I read TFA also, and was similarly impressed - but what I didnt see mentioned, and what struck me as a potential risk was that when you set up quite a few of these, you are in effect setting up pipes to pipe surface air up into the troposphere or ionosphere or whatever it is and will be setting up a circuit of sorts. Now, I am not a meteorologist but I'm fairly sure that the layers in the atmosphere are exactly that - layered - and usually there is not a lot of inter layer flow except for very light elements like hydrogen that pass right through.

I dont want to appear as an ignorant naysayer but I have read of 'issues' that people have as regards to water vapour introduced by jet engines and it strikes me that this could have a similar effect. I would like to know what that effect would be and how destructive in reality it could become if practiced on a large scale.

Tornado Hot Poney (4, Funny)

FerretFrottage (714136) | more than 8 years ago | (#14179022)

Just create a mobile home park within about a mile and you'll know exactly where a runaway tornado will go. Set up a net there, catch it and return it to its turbine cage. Maybe give the tornade a three strikes rule and after its third runaway, just turn it back to slow moving air, or threaten to send it to the jet stream in Canada because we know how much tornados hate the cold.

Re:Tornado Hot Poney--Honey Pot ? (0)

FerretFrottage (714136) | more than 8 years ago | (#14179041)

damn, violated /. rules
1. never submit to /. while having sex and playing cowboys and indians with the wife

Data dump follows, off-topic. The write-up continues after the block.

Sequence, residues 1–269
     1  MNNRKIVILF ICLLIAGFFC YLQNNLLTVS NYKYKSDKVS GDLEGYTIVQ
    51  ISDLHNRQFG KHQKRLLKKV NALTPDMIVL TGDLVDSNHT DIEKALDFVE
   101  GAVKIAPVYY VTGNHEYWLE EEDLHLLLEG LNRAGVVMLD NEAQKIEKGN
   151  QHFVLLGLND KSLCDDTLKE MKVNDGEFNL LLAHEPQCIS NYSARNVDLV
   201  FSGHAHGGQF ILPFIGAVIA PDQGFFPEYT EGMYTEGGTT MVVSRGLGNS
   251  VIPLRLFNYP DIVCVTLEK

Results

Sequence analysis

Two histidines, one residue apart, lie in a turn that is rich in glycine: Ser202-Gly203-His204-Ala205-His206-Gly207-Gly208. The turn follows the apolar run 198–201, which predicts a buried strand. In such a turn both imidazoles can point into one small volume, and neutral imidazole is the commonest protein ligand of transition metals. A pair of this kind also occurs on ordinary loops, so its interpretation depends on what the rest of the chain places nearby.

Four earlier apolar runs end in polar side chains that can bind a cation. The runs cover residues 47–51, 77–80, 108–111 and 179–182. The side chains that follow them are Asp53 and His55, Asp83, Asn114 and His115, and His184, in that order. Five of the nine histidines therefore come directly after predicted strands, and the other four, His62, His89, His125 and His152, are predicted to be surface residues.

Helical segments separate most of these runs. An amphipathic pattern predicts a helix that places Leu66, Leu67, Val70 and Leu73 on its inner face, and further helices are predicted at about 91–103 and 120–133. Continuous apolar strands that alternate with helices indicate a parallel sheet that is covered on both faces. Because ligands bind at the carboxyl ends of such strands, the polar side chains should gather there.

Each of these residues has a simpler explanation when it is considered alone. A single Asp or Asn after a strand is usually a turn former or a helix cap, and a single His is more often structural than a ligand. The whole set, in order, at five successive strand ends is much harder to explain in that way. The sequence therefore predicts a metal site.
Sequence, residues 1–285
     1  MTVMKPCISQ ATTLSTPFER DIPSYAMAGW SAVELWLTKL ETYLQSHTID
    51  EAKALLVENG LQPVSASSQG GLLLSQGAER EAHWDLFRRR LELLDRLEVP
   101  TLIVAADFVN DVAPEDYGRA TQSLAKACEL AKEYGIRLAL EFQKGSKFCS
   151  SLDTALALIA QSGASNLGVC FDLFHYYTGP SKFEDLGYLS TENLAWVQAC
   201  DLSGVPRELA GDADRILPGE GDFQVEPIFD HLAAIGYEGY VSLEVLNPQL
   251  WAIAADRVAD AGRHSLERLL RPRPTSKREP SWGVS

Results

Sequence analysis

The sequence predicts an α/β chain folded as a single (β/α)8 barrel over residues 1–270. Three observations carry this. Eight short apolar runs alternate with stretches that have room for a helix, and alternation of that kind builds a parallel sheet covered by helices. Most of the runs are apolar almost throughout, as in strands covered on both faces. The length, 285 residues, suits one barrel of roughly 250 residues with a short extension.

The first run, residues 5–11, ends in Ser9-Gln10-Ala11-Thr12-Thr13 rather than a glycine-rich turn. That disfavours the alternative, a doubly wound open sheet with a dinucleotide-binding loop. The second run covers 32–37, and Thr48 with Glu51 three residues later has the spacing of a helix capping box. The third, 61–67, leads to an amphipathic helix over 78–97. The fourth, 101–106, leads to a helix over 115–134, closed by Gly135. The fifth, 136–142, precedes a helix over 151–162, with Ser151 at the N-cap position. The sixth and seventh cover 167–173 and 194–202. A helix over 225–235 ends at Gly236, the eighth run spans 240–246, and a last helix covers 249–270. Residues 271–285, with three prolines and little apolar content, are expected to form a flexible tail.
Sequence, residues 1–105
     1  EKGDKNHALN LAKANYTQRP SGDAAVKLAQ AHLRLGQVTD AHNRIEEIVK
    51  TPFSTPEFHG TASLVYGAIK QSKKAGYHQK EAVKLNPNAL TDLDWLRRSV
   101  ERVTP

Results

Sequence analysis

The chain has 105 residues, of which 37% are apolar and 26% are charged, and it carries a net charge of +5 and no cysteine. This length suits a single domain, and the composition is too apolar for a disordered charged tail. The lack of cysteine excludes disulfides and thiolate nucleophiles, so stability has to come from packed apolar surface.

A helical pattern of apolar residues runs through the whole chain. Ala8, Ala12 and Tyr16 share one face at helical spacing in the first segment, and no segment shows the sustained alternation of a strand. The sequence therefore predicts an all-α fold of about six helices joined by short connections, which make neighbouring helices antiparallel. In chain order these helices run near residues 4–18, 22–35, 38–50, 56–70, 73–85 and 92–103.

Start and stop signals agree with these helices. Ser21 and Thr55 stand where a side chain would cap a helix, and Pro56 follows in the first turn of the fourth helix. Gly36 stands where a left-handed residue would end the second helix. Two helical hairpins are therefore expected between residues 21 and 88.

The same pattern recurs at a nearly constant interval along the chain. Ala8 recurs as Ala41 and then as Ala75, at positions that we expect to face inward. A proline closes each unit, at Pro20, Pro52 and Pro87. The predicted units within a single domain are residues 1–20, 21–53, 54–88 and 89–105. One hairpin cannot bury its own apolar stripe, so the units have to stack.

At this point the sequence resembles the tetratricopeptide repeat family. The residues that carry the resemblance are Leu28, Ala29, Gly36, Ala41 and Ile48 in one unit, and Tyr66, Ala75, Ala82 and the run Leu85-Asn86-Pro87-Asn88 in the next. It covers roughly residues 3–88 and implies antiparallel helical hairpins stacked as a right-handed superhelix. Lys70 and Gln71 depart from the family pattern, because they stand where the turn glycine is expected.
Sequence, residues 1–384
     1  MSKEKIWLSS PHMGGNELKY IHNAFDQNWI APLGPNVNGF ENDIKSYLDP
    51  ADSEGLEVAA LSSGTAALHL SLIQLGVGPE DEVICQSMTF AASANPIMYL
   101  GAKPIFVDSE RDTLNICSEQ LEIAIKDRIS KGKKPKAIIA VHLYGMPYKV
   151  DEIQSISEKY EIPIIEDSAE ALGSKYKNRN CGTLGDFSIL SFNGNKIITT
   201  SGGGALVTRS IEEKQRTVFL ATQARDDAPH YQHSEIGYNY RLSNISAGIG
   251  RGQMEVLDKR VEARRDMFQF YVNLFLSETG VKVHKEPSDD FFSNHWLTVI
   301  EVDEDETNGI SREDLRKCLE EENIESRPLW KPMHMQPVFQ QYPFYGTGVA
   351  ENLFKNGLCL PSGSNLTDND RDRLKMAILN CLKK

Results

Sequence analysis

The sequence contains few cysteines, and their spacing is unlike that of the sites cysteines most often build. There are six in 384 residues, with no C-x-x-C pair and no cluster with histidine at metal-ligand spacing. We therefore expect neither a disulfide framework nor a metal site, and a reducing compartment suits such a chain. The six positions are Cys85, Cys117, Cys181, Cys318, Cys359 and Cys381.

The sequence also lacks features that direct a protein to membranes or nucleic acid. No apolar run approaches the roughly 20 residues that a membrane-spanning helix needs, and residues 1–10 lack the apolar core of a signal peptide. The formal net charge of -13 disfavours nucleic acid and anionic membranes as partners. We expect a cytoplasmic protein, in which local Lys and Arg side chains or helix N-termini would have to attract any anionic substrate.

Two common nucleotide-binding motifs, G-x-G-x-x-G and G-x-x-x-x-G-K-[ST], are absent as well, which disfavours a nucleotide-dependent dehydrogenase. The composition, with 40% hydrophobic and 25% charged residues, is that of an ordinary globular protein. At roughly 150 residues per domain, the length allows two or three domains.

2. don't expect /.ers to believe you have a wife

Energy source for vortex (5, Informative)

the_povinator (936048) | more than 8 years ago | (#14179027)

The vortex can be sustained by either a specific heat source, like seawater or an area covered by greenhouses [as in the Australian solar tower/solar chimney], or if the atmosphere is sufficiently humid it can be sustained by the inherent instability of the atmosphere. However this instability is not generally always present. This instability is called the CAPE (convective atmospheric potential energy). It is the energy source that feeds thunderstorms. The reason the atmosphere can store energy is that the bottom layer of the atmosphere tends to be heated by the sun. If the air is damp but not at 100% humidity you can get a situation where the air column is stable, but as soon as it is perturbed enough for some of the air to start releasing moisture (when it reaches 100% humidity) the situtation becomes unstable. This is because the air that rises high enough to release moisture, starts getting warmed up when the moisture precipitates and then rises even higher. Theoretically, this could be exploited by a vortex. The vortex is performing the same function as a very tall tower, but hopefully more cheaply. It's like a siphon that siphons gasoline out of your tank. The vortex has lower pressure at the center, much like a siphon. However, it is far from clear whether this idea could be made practical. There are issues like how stable the vortex would be in wind, etc.

Re:Energy source for vortex (1)

SteveAstro (209000) | more than 8 years ago | (#14179105)

AFAIK the Australian suntower doesn't "create a vortex" -its a giant, force fed chimney. Convection caused by air heated at the base of the tower pushes huge amounts of air up through a tower filled with turbines.

Steve

I'll use it for blackmail... (1)

The I Shing (700142) | more than 8 years ago | (#14179045)